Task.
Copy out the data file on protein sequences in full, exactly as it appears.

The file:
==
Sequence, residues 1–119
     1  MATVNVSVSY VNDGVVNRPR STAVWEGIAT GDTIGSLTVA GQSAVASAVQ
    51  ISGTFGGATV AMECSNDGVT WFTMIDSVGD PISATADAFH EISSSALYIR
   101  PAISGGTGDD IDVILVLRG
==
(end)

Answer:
Sequence, residues 1–119
     1  MATVNVSVSY VNDGVVNRPR STAVWEGIAT GDTIGSLTVA GQSAVASAVQ
    51  ISGTFGGATV AMECSNDGVT WFTMIDSVGD PISATADAFH EISSSALYIR
   101  PAISGGTGDD IDVILVLRG